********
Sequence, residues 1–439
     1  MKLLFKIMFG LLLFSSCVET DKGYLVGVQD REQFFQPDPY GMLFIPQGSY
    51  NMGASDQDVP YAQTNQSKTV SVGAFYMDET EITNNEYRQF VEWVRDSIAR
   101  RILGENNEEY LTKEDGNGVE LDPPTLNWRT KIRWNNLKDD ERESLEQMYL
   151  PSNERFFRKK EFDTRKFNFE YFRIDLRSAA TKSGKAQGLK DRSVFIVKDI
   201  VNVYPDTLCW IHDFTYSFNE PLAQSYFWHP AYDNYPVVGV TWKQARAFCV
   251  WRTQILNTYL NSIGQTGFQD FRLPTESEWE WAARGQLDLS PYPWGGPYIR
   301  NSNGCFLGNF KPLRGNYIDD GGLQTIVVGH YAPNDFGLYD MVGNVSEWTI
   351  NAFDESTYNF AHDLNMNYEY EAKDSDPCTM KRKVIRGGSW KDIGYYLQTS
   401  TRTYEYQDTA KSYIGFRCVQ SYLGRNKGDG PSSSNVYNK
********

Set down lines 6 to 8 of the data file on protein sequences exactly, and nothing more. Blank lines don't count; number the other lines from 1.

   201  VNVYPDTLCW IHDFTYSFNE PLAQSYFWHP AYDNYPVVGV TWKQARAFCV
   251  WRTQILNTYL NSIGQTGFQD FRLPTESEWE WAARGQLDLS PYPWGGPYIR
   301  NSNGCFLGNF KPLRGNYIDD GGLQTIVVGH YAPNDFGLYD MVGNVSEWTI